I opened a paper on the weekend to find this (above).
And these:

magni-fryer good

shopping shirt









And then discovered a whole campaign from Volkswagen, featuring ideas like the ‘Shopping Shirt’, the ‘Yumbrella’ and the ‘Magni-fryer’ alongside the tagline ‘Why be environ-mental when you can be environ-normal?’

I don’t know how these ads makes you feel, but I felt like my intelligence took a blow, along with the entire environmental movement.

But a more pressing question (or what I imagine to be a pressing question for Volkswagen) is:

What impact did this have on brand VW and the message they are trying to get across?
The Australian ad industry blogs reported on the campaign but (no surprises) didn’t seem to have any qualms with the content:

From Campaign Brief:

As part of the launch campaign of the Golf BlueMotion, Volkswagen Group Australia, via DDB Sydney, created a special wrap for last weekend’s edition of The Sun-Herald and Sunday Herald Sun to coincide with World Environment Day.

All campaign elements feature environ-‘mental’ products: the Shopping Shirt, the Yumbrella and the Magnifryer to encourage consumers to consider Volkswagen’s non compromised practical and stylish offering.

And from Mumbrella:

Different executions bring to life environ-‘mental’ products, such as the Yumbrella, a contraption designed to avoid having to buy bottled water.

These executions run with other ads that tie in with the Golf BlueMotion’s green positioning.

Interesting ‘green positioning’ VW – the people most likely to absorb any message about the eco-creds of your cars are people who actually give a damn – and you have just pissed them off.

If the idea of launching this campaign on World Environment Day was supposed to place Volkswagen as a green and responsible company, it failed. It stuck two fingers up at the movement towards considered consumption and arguably set us

back some way on getting the public to see sustainable behaviour as ‘normal’, not to mention say no to bottled water (so wacky!)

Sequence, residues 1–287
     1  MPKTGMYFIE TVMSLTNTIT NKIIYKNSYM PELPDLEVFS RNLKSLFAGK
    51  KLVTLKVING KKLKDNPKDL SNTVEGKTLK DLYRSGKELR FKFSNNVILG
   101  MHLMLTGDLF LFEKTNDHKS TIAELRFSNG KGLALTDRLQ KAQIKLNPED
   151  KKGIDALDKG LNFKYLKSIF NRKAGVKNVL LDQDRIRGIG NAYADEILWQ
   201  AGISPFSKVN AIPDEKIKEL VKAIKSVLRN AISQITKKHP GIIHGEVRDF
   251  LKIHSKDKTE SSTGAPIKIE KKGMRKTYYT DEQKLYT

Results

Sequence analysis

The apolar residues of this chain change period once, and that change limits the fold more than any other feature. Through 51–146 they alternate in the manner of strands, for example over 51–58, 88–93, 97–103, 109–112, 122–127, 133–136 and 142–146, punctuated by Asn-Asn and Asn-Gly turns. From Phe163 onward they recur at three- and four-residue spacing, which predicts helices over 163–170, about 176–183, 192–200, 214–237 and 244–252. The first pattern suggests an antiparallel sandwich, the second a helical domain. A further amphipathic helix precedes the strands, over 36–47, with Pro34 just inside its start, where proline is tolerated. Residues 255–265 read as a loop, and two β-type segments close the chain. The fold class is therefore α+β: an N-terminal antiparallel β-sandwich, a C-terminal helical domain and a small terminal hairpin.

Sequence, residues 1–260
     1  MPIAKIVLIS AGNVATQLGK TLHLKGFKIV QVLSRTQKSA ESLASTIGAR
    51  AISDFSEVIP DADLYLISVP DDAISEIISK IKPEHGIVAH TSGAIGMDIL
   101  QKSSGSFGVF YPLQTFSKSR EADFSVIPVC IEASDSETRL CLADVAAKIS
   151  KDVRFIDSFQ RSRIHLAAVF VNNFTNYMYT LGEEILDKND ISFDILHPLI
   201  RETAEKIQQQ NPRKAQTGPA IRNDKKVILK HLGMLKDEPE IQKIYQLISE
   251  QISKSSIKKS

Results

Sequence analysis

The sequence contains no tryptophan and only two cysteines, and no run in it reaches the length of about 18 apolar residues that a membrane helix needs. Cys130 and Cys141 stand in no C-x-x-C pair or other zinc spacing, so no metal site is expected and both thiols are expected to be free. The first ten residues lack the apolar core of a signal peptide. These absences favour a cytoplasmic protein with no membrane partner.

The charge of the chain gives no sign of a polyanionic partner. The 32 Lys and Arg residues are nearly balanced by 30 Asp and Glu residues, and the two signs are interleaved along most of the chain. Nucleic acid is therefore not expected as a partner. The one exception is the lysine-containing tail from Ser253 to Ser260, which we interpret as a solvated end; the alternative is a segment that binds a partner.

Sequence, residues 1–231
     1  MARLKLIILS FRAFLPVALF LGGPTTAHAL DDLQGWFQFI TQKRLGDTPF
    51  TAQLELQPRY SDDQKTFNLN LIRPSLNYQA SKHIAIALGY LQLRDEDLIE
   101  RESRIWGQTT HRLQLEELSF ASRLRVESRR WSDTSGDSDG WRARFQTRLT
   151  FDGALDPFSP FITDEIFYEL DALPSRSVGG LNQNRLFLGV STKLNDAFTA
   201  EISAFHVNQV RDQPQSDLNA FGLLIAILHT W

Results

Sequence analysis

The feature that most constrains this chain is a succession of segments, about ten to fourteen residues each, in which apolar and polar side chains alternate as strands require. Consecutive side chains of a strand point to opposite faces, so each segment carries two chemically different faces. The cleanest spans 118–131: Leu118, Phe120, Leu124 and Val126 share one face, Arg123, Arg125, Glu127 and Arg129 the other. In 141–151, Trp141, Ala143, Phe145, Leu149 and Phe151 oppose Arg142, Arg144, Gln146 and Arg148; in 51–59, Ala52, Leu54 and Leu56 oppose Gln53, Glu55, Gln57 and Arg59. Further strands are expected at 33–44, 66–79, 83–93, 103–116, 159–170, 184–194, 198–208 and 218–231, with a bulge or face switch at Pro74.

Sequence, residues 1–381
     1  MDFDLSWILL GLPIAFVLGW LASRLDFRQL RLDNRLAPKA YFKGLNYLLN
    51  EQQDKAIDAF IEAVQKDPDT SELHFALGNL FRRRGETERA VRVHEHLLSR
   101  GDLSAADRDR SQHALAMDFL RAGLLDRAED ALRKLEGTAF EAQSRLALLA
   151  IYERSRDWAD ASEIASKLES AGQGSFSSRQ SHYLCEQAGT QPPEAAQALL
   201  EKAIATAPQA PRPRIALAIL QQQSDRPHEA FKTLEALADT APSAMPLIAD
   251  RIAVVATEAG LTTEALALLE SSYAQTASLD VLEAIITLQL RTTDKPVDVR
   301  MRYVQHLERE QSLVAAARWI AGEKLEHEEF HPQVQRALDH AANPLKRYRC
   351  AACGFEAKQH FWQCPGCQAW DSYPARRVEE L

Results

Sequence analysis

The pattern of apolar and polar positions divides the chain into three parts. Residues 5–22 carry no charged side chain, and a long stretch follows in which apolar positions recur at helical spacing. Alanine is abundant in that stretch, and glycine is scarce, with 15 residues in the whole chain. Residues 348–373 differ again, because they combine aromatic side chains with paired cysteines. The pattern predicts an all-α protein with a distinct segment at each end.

Volkswagen want to be taken seriously when it comes to their environmental credentials.

This is clear by their extensive environmental reporting, environmental strategy and the money being pumped into their ‘Think Blue‘ sustainability philosophy which wraps right around the launch of the BlueMotion technology.

It might be succeeding at this if it weren’t for two glaring problems:

  1. The staggering inconsistency in their messaging. Which is it? Are they a responsible company or do they want to undermine the idea of acting responsibly?
  2. Their actual environmental behaviour.

As Greenpeace Europe so kindly pointed out earlier this month via the brilliant VW Dark Side campaign:

Volkswagen is spending millions of Euros every year funding lobby groups who are trying to stop Europe increasing its commitment to greenhouse gas reductions from 20% to 30% by 2020. Progressive companies – from Google to Ikea, Sony, Unilever and Philips – support the target. Volkswagen can’t afford to be left behind.

And sorry to ram home the point about inconsistency again but here’s what the the ‘Think Blue’ website tells us:

At Volkswagen, we’re committed to sustainability. For us, this means taking responsibility for the environment and working to give to a sustainable future, through our products and behaviour. We call this attitude “Think Blue.”

There is, in fact, a beautiful and poignant animated film created by VW, for Think Blue which communicates exactly what good corporate sustainability behaviour and philosophy should be about.

The film is not about doing what’s ‘environ-normal’ but creating better ways of doing things and spreading ideas. Unfortunately this message is completely undercut by this advertising campaign which undermines the idea of acting responsibly and finding a better way.

Which makes me wonder what the real philosophy is at Volkswagen, and from here it’s not looking good.